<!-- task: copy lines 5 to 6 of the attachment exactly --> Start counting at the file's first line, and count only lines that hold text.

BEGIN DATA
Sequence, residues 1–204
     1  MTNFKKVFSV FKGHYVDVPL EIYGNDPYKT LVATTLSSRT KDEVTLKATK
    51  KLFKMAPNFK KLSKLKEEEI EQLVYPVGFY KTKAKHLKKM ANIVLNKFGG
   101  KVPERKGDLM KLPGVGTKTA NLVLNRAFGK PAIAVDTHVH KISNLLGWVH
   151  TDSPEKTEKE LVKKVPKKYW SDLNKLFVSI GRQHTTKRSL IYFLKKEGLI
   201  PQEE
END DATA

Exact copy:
   151  TDSPEKTEKE LVKKVPKKYW SDLNKLFVSI GRQHTTKRSL IYFLKKEGLI
   201  PQEE